Some educational institutions assure students that they can pass the exams after they take some courses. Sometimes educational institutions write the agreement in their contracts but they do not keep the promise. In some cases, if students do not pass the exams, students won’t be given compensation by educational institutions as they claim.

Blockchain can build a nation-wide system and a new contractual system. The new contracts can be accessed by students and teachers publicly. Blockchain will operate without significant disruptions by others. The blockchain network lives in a state of consensus, one that automatically checks in with itself every ten minutes. Once one party cannot fulfill his or her duty, the blockchain network will do whatever they promise to do at the very beginning.

In Bitcoin transactions, a global network of computers use blockchain technology to jointly manage the database that records Bitcoin transactions. This mechanism can also be used in education to supervise the process of transaction and guarantee the rights and responsibilities of every single person.

Apart from this, there is no need to use a third party to take part in money transactions. In Bitcoin transactions, users can transact directly with one another — Bitcoin transactions in 2016 averaged over 200,000 USD per day. Without the participation of a third party such as WeChat pay and Alipay, it will improve the efficiency and reduce the cost of the transactions.

 

4. Educational donations can be tracked by blockchain.

Donations to charities are hard to supervise. Some organizations try to design a system based on blockchain technology to supervise the transfer of money. For example, Ant Financial, a technology company that offers inclusive financial services, designed a blockchain system to track the donations to children in deprived areas. No matter where the money is, it can be recorded by the system, which helps it to be transparent to the public.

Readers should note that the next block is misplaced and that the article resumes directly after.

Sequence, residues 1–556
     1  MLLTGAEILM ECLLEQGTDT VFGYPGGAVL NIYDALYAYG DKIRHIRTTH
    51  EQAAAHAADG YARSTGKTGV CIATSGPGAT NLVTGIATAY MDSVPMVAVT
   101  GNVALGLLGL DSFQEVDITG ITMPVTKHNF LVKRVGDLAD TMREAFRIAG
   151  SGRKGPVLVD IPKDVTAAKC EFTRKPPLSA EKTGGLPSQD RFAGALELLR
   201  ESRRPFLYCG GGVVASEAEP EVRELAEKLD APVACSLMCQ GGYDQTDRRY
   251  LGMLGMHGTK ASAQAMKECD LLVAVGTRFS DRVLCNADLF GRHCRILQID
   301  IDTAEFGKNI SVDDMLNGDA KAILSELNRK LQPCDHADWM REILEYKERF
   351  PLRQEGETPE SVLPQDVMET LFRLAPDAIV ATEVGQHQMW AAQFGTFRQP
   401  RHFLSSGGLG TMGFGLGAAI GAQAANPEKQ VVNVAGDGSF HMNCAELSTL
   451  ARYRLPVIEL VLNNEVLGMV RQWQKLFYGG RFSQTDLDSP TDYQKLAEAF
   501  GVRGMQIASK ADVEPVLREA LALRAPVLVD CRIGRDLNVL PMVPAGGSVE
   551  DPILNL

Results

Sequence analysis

5. Blockchain can conduct educational authentication and talent management.

HireRight found that 86% of companies have faced problems related to employees’ fabrication of academic credentials. It does not only increase the cost to companies but also harms the reputation of universities. For example, University of London has applied blockchain to verify the authentication of students’ educational experiences.

In addition, employees’ documents are mainly in hard copy versions, which are not easy to take and use. The application of blockchain offers opportunities for good management of employee’s documents.

Both artificial intelligence and blockchain can be applied to the field of education, and their different characters can supply education with various functions. The former contributes to the smartness of education while the latter is great for the transparency of educational transactions. We look forward to their benefits for education.

Lena Zhang
Lena Zhang

Lena is our columnist. She is a Beijing-based educator who has previously worked as a finance reporter. Lena is passionate about the social sciences and curious about how technology impacts our lives. She holds a master's degree in Social Anthropology from the London School of Economics and Political Science, and a master’s degree in Communications from Jinan University.